Tag Archives: travel

Sun Safe: Natural Solutions for a Healthy Holiday

Make sure you’re Sun Safe

Sun Safe and Sun FunIt’s holiday season and many of us are looking forward to a hard-earned break. Whether you’re a sun-worshiper, an adventurer or a culture vulture, the summer holiday is one of the key events in our annual calendar. That’s why looking after our health on holiday is especially important. Read on for natural ways to protect yourself against the most common holiday health problems and being sun safe.

Tummy bugs

Traveller’s diarrhoea is the most common health problem related to travelling abroad. Between 10% and 20% of holiday makers travelling to southern Europe or the Caribbean will have their holidays spoiled with episodes of food poisoning. Those travelling to areas such as Asia, the Middle East and Latin America should be particularly cautious as more than 20% will fall ill with traveller’s diarrhoea [1].

The best way to avoid food poisoning abroad is to be extra careful about food hygiene measures. Use bottles or sterilised water if local tap water is unsafe, and avoid ice in drinks. Avoid buffet food that has been left out at room temperature for extended periods – remember hot food should be piping hot and thoroughly cooked, cold food should be cold, and choose fruits and vegetables that you can peel yourself. Dressings such as mayonnaise and ketchup are commonly linked with food poisoning, so try using single-serve sealed packages.

A sensible way of protecting against food poisoning is to take a probiotic supplement while travelling. Probiotics bolster the intestinal lining’s protective barrier, making it difficult for infections to take hold. Well-studies strains include L. acidophilus, B. bifidum and L. bulgaricus.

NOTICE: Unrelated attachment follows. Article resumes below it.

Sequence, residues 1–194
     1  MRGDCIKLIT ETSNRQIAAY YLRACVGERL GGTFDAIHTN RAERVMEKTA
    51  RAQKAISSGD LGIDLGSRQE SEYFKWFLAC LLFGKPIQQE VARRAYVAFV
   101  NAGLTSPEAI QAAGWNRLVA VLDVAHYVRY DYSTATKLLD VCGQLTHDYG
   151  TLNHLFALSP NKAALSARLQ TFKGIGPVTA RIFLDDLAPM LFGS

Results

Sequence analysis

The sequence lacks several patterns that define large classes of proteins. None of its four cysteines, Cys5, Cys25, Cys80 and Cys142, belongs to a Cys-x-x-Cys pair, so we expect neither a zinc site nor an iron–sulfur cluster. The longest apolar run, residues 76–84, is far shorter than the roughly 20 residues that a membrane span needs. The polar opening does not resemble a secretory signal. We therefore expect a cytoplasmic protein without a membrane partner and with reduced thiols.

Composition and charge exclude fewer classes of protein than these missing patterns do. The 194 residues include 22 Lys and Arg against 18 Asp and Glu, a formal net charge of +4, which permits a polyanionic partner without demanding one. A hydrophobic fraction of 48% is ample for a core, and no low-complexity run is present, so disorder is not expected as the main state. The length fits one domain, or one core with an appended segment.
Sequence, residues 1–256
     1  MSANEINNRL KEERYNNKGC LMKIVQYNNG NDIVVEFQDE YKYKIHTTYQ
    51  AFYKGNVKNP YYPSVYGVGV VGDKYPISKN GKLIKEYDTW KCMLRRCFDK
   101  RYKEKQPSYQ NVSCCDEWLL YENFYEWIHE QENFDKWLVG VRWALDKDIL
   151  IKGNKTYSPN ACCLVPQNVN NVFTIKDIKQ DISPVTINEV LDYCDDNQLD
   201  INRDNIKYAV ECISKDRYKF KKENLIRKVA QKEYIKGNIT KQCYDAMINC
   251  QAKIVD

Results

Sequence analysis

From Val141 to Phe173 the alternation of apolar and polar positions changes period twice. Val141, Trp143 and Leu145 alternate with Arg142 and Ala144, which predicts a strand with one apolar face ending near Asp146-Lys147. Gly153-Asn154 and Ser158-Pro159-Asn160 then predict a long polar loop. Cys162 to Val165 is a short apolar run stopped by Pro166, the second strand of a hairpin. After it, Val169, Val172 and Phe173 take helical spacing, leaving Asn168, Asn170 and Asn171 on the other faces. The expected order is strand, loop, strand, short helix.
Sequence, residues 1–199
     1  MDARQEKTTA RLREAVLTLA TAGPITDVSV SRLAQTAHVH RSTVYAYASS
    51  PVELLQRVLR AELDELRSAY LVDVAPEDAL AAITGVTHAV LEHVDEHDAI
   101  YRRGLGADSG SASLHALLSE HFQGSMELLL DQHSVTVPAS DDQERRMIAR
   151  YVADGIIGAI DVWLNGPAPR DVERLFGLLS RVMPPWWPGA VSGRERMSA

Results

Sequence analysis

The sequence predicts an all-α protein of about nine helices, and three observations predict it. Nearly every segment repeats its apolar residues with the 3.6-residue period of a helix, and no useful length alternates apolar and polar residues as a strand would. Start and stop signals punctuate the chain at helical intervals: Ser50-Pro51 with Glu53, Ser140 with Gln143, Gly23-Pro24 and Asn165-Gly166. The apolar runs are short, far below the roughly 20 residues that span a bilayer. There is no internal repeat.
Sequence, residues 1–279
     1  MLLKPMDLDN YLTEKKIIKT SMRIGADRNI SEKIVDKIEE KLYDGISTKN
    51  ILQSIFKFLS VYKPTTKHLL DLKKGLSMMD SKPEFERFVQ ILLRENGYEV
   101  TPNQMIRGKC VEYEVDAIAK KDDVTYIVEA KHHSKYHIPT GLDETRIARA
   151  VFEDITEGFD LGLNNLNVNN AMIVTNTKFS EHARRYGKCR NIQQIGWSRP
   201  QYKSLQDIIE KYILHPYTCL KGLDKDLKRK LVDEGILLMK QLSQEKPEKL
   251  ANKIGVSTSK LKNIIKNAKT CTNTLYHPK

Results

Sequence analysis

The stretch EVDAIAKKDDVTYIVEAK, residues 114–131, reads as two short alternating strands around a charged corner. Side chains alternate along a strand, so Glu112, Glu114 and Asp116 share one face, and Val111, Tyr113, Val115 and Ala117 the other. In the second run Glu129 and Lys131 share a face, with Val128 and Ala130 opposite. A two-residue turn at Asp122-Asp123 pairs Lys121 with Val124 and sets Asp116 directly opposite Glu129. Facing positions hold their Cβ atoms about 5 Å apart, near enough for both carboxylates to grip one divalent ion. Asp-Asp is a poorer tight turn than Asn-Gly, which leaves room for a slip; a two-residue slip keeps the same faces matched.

Some probiotics actually secrete antimicrobial substances that protect the body from infection. The probiotic L. Reuterei works in this way, and studies have found it to be particularly effective in preventing gastrointestinal infections and diarrhoea in children [2].

Jet Lag

For those travelling further afield, jet lag can spoil the early days of a long haul holiday, and can leave you feeling tired rather than revitalised on your return.
Jet lag symptoms are made worse by dehydration, so drink plenty of water during your flight, and avoid caffeine and alcohol. Natural treatments for jet lag include melatonin, a hormone involved in the sleep-wake cycle. Food sources of melatonin include goji berries, almonds and raspberries. However, a natural source of melatonin is the Montmorency cherry (used in the CherryActive range. Studies suggest cherry juice appears to raise melatonin levels and to have a positive effect on the sleep cycle [3]. The anti-inflammatory properties of tart cherry juice may also enhance this effect by reducing inflammatory cytokines [4].